Commentary: Dam breach gives Russia a new weapon in Ukraine war
The humanitarian disaster of catastrophic flooding will draw attention away from the unfolding counter-offensive, says Ben Hall for the Financial Times.
LONDON: After weeks of Ukrainian drone strikes on Russian territory and cross-border raids - a prelude to the long-awaited counter-offensive now gathering pace - it is Russia’s turn to distract and destabilise its enemy.
Russia, which controls the area, has denied responsibility and blamed Ukrainian “sabotage” for the dam’s breach. These claims are implausible. Kyiv had nothing to gain from a catastrophic flood.
TIMING SEEMS TOO FORTUITOUS
It is possible that the structure, damaged in previous strikes, could have given way. Russian occupying authorities had allowed the water in the reservoir behind to rise to unusually high levels, which would make it a case of criminal neglect.
But the timing of an accident seems too fortuitous for the Kremlin, coming the day after Ukrainian forces stepped up their attacks in multiple targets along the frontline further to the east.
This looks like the start of the counter-offensive proper, even if Kyiv declines to call it that. And Moscow has previously shown its intent to use flooding as a weapon.
Russian forces had rigged explosives to the dam last autumn after Ukraine’s army liberated the right bank of the river. They have attacked other hydroelectric plants in their attempt to destroy Ukraine’s critical infrastructure.
And last September, they fired eight cruise missiles at a dam over the nearby Inhulets river, unleashing a torrent and hampering the advance of Ukrainian troops in the area.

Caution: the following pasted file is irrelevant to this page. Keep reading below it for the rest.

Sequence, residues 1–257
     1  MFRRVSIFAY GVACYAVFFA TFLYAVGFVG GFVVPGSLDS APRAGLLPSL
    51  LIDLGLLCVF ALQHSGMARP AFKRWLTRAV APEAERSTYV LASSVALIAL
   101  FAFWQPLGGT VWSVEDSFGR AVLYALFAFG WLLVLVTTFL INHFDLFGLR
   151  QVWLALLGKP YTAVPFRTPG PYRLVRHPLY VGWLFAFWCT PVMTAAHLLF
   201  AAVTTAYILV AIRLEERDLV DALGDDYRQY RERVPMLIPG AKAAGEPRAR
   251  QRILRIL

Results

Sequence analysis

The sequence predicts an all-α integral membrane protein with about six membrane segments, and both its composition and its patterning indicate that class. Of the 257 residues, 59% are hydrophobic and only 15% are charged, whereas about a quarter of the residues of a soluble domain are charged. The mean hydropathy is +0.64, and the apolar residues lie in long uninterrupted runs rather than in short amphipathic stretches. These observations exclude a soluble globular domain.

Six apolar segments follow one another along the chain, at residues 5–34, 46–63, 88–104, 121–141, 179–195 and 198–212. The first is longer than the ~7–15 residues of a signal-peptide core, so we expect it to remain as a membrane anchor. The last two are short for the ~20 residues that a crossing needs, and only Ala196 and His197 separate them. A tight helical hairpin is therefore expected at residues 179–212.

Ukrainian officials accused Russian forces who control the area of mining the dam’s generating hall and blowing it up. Security chief Oleksiy Danilov claimed to have “confirmed information” about the Russian unit responsible.
Kyiv said that the Kakhovka dam may have been destroyed to stop its troops from using islands on the river liberated on Monday as bridgeheads for an amphibious assault into occupied Kherson province. That was never likely to be the route for a large-scale Ukrainian counter-offensive.
But it could narrow Kyiv’s options for smaller attacks in the south of the country in support of a larger thrust elsewhere. It could also allow Russia to redeploy troops to other more vulnerable parts of its defensive line.
In the meantime, Ukraine’s authorities have a humanitarian disaster to contend with, which will inevitably divert government attention away from its critical summer counter-offensive.
Theoretically, emptying the reservoir upstream of the dam threatens the water supply to the Zaporizhzhia nuclear power plant.
But since its six reactors have been shut down and need less cooling water, the facility’s pond should be ample. Still, some kind of nuclear incident at Zaporizhzhia as a weapon of war now seems less implausible than it once did.
The bursting of the dam fits with Moscow’s razed-earth strategy of destroying Ukraine’s vital infrastructure, degrading its economy and exhausting then displacing local populations.
The facility channels water for irrigation to otherwise arid farmland in south central Ukraine, a major grain producing area. It also provides drinking water for large cities including Krivyi Rih as well as to Russian-occupied Crimea via a canal.
Moscow will have to grapple with alternative sources of supply to the peninsula. But for the moment, the Kremlin seems more preoccupied with thwarting Ukraine’s military advances wherever and however it can.
The destruction of the Kakhovka dam sends a message that Moscow is still capable of escalating its war. The question is how far is it prepared to go. It wants Ukraine and its Western allies to believe it has multiple options left.